Hiking to Bryant Lake and Glacier

Two weeks ago (August 5-8), I hosted an Alaska hiking club in the White Pass, and members from Haines and Anchorage came to explore this incredible area, with Bryant Lake (called Fraser Lake by many people) our first major hike.

I’d been worried about the weather ever since we’d started planning this a few months ago, but it was looking great in Whitehorse and even as far south as Tutshi Lake, seen in this photo.


By the time I reached Summit Lake, though, clouds had moved in and a strong wind had kicked up. The first arrival and I added a layer of clothing and went down to the beach for a while anyway.

Beach on Summit Lake, BC
When I heard the whistle of the WP&YR steam train heading north from the summit, we raced north to the good viewing spot overlooking the Thompson River. I love any train, but this steam locomotive, built for the White Pass and Yukon Route by Baldwin Locomotive Works in 1947, is extra special.

WP&YR steam train
Next, I wanted to make the short but far-from-easy hike up to the canyons on Summit Creek that I’d seen from Summit Creek Hill 3 weeks before. While from a distance this valley looks easy to cross, it’s actually thick, chest-high brush.

Hiking near Summit Creek in the White Pass
Hiking up to cross a ridge that looked like it would take us to the upper canyon, we came to this creek with a bed that was so level it looked almost like paving stones. It’s not the first time I’ve seen such formations, but they’re rare and I have no idea what causes it.

Hiking near Summit Creek in the White Pass
Success. The bottom of the upper canyon on Summit Creek. A couple of hundred meters/yards up the part of the canyon seen here, I see on Google Earth that it takes an abrupt 90-degree turn and gets even deeper, so I have more exploring to do here yet 🙂

The upper canyon on Summit Creek
And a few minutes later, the top of the lower canyon. I was hoping that we’d be able to hike into both canyons, but there was no way to do that.

The lower canyon on Summit Creek
Starting to set up camp beside the South Klondike Highway just south of Summit Creek on Friday evening. The highway is never very busy, but gets very quiet once the cruise ship tours quit for the day, and is closed from midnight to 08:00 between the US and Canadian border posts (this spot is about halfway between the two posts).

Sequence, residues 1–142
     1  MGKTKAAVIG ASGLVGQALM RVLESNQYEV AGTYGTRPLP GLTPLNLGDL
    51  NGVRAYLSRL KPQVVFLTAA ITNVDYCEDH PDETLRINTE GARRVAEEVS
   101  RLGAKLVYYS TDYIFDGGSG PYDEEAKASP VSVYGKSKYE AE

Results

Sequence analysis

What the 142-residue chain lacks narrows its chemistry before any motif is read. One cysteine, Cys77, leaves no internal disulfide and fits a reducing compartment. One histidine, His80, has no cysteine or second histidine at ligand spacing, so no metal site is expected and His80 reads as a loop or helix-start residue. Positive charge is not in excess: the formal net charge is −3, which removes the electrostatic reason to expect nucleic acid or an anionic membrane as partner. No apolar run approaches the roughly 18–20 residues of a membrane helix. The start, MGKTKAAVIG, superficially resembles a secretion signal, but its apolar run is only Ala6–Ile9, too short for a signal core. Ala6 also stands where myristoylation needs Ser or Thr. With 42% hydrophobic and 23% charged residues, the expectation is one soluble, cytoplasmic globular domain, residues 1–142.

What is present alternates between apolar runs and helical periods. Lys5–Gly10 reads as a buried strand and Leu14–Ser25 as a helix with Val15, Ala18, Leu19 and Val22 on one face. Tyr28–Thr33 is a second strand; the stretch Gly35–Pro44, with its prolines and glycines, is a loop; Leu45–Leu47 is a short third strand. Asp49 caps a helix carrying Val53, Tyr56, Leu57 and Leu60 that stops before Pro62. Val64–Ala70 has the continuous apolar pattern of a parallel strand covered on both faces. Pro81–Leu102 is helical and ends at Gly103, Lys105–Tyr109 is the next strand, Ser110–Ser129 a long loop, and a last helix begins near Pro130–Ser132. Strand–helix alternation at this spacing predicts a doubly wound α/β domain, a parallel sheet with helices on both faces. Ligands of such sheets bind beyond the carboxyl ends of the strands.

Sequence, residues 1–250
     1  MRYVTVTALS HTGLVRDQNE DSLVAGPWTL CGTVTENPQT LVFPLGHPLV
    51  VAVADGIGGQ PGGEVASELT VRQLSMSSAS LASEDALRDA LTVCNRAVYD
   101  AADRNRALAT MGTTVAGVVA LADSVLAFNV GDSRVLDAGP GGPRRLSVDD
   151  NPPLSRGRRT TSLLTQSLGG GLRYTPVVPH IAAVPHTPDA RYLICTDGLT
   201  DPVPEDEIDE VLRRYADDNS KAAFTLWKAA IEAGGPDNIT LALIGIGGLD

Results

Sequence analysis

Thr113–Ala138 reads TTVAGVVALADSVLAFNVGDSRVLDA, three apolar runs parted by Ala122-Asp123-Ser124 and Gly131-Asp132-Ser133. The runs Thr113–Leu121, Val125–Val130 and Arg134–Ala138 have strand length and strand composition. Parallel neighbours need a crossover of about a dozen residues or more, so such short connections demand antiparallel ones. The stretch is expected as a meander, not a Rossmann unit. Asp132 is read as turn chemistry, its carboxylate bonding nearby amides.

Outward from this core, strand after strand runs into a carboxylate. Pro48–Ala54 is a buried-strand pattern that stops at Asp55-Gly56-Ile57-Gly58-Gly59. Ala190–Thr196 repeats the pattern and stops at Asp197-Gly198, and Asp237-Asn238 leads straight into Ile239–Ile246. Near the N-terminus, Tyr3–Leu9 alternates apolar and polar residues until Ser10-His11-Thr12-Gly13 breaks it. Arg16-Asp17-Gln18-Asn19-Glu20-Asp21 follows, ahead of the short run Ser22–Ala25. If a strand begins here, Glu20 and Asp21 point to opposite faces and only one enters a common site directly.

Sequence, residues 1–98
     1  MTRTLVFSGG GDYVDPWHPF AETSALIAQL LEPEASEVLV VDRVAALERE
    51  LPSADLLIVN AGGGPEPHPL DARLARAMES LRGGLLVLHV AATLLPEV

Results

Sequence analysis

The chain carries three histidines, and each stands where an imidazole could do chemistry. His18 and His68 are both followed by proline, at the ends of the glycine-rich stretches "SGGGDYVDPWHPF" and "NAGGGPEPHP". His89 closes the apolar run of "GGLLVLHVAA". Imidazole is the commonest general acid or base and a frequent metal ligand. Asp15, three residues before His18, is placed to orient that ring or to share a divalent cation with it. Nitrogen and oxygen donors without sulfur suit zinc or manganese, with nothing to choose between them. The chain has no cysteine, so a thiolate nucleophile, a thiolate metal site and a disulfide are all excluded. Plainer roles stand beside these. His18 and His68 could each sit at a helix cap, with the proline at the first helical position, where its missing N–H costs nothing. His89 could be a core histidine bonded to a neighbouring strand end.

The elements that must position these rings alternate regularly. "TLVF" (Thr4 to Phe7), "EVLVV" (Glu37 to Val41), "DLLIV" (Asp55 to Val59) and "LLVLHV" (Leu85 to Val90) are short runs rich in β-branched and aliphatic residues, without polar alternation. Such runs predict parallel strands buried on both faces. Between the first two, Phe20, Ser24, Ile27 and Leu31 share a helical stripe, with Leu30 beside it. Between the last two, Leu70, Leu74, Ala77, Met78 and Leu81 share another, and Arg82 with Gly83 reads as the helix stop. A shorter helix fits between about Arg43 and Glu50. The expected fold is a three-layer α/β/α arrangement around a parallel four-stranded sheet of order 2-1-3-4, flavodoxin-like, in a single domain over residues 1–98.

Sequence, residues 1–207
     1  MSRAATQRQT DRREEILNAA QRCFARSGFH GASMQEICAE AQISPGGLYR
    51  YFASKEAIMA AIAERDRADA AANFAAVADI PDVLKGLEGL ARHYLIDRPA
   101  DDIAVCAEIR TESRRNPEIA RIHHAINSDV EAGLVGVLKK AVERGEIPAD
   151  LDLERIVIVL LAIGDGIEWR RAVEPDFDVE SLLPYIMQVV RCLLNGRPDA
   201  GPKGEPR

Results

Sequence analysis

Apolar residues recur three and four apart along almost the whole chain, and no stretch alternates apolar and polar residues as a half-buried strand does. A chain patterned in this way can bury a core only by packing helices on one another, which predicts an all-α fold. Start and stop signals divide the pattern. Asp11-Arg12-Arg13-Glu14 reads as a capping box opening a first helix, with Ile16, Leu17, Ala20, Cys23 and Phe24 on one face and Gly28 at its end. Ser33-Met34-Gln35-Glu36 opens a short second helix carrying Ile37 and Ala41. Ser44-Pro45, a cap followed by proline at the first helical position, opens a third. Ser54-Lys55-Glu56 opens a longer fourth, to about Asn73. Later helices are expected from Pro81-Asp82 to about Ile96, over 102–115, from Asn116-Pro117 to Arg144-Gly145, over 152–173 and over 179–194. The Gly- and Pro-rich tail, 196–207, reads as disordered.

RV camping beside the South Klondike Highway just south of Summit Creek
On Saturday morning, a thick, cold fog blanketed the White Pass, but I went for a drive to see if there were any clearings where we could hike. No luck to the south, but to the north, the Bryant Lake valley was all clear. As I got back to camp, this hoary marmot (of the subspecies Marmota caligata caligata, I believe) was sitting on the guardrail 100 yards from the motorhome, and hung around for a longer photo session.

Hoary marmot in the White Pass
Because of the weather, we didn’t get to the trailhead until just after 10:30. It was quite incredible to be able to quickly hike out of the cold fog!


The height of Bryant Lake was raised with an earthen dam 40-odd years ago, to provide water for the Department of Highways and Canada Customs posts at Fraser. Some people cross this creek by walking along the wood-and-insulation-encased water pipe, others, including me, wade the creek.

A creek crossing on the hike to Bryant Lake.
We reached Bryant Lake at 11:30. I don’t know what’s in that little building with the “High Voltage” sign on the door.

Bryant Lake, BC
From the lake, we could see that the valley was still filled with that cold fog. I really like looking down on clouds 🙂

Looking down on clouds in the White Pass.
Just before we reached the lake, we saw a group of hikers heading up the route to the peak on the left. YukonHiking.ca calls it “Fraser Peak“, but they also use the incorrect name “Fraser Lake” for Bryant Lake (as does Google). Like most of these mountains, it probably doesn’t have a name so you can call it whatever you want.

Bryant Lake, BC
The trail along the south side of the lake is fairly well used, though we saw nobody, and except where it crosses a large rock slide, is quite good.